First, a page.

But this is not to say that political polling has no value, or that because they usually have a relatively small sample size, political surveys cannot be used to generalise on the opinion of a huge population as alleged by Umno president Ahmad Zahid Hamidi.
Many of the current surveys on GE15 are mere propaganda tools, he claimed, depending on whether the ownership of the survey is vested in entities that are close to certain politicians.
Suffice to say that there are conditions where even a relatively small sample can be used to generalise on a huge population as long as the sampling method involves the element of randomness in selecting the respondents and the sample has an element of representativeness to the population.
Moreover, as mentioned earlier, a margin of error must always be specified in a survey.
But we don’t have to look at surveys to predict the outcome of GE15. Political analysts and observers have made their predictions at every election, using their own theoretical constructs and assumptions which do not have to be quantitative.
And in most cases, when the majority of analysts predict that a certain coalition will win, they turn out to be right.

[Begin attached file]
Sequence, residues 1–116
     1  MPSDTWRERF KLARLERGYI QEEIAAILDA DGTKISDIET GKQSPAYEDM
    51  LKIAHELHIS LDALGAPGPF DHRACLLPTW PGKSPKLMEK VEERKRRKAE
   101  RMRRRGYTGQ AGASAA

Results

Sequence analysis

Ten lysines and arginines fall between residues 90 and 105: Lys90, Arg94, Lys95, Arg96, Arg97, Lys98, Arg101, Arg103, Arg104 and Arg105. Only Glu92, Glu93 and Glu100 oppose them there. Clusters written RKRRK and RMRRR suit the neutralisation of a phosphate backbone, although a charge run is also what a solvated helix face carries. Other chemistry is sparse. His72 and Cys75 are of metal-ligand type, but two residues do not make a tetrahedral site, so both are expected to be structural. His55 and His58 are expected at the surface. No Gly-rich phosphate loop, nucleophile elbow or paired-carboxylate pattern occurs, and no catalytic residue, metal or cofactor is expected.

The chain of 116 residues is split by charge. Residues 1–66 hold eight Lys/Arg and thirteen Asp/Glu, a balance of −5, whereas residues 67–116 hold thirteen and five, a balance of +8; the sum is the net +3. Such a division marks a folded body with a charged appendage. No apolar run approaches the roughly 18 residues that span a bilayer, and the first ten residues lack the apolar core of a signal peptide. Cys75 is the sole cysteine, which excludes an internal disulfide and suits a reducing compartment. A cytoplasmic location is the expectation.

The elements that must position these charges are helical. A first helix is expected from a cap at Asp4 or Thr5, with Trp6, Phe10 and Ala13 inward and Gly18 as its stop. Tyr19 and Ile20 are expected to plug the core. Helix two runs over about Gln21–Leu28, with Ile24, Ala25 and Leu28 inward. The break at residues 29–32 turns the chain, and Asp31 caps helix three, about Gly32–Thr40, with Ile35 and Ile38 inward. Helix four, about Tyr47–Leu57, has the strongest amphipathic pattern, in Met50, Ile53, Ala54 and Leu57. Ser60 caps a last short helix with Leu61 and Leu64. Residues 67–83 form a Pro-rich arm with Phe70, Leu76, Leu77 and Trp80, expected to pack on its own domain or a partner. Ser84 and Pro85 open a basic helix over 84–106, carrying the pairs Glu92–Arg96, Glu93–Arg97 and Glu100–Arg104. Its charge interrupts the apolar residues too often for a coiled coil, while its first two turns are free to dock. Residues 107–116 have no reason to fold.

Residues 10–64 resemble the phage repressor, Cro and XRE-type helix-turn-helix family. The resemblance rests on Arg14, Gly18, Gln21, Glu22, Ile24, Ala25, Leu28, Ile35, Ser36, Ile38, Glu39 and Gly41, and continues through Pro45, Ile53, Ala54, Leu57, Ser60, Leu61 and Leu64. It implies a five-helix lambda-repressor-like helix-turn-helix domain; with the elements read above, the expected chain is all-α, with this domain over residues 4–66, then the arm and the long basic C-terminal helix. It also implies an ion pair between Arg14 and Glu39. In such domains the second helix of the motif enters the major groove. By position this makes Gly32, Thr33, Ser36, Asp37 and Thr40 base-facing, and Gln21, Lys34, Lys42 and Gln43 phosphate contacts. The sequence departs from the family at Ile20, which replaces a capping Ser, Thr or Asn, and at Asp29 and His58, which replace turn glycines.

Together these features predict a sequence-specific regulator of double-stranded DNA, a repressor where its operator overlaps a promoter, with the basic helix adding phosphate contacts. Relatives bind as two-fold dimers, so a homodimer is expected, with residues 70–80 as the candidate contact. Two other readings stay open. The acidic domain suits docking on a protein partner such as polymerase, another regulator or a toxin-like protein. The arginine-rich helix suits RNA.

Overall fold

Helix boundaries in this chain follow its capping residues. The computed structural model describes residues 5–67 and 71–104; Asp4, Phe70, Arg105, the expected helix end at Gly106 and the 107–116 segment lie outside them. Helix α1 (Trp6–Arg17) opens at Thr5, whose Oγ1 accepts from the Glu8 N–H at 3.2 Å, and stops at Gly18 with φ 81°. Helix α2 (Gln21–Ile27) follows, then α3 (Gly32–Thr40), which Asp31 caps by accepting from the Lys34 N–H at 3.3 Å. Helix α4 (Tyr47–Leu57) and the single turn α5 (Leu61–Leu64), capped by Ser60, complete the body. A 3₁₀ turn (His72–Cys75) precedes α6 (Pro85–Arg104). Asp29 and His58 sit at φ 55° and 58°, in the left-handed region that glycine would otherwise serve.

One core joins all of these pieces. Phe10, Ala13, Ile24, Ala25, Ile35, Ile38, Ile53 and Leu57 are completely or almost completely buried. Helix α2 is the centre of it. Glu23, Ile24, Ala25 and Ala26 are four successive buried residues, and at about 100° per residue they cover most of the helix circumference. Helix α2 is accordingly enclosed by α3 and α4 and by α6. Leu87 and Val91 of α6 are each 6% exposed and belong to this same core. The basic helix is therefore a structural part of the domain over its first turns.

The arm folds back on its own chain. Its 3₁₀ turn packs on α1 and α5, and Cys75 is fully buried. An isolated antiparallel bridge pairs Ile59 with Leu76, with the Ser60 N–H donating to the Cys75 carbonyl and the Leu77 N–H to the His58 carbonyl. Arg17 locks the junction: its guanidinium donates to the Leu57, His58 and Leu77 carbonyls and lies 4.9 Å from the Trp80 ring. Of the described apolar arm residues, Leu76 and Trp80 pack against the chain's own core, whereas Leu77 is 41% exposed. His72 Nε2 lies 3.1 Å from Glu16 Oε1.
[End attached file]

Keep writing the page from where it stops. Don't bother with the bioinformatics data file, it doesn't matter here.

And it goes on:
In the case of Malaysian elections, they were always right in their predictions with one exception: GE14 where PH won the election against all odds. This is called an upset.
In GE15, many analysts say that BN's days are numbered. From the favourite to win the election among the three coalitions, it has emerged in third position, overtaken by PN and PH.
How can such a thing happen, and what is the basis for this drop to third position?
We can see it in a number of events. The turning point from favourite to third place happened on Nov 1, when in unveiling its candidates, Zahid dropped a number of Umno ministers, thus reviving the infighting between Umno’s court cluster and the minister cluster at a critical time.
During the campaigning period itself, on a number of occasions, it looked like Umno was campaigning against itself, in a sort of a civil war, where it appeared more like a campaign for a party election.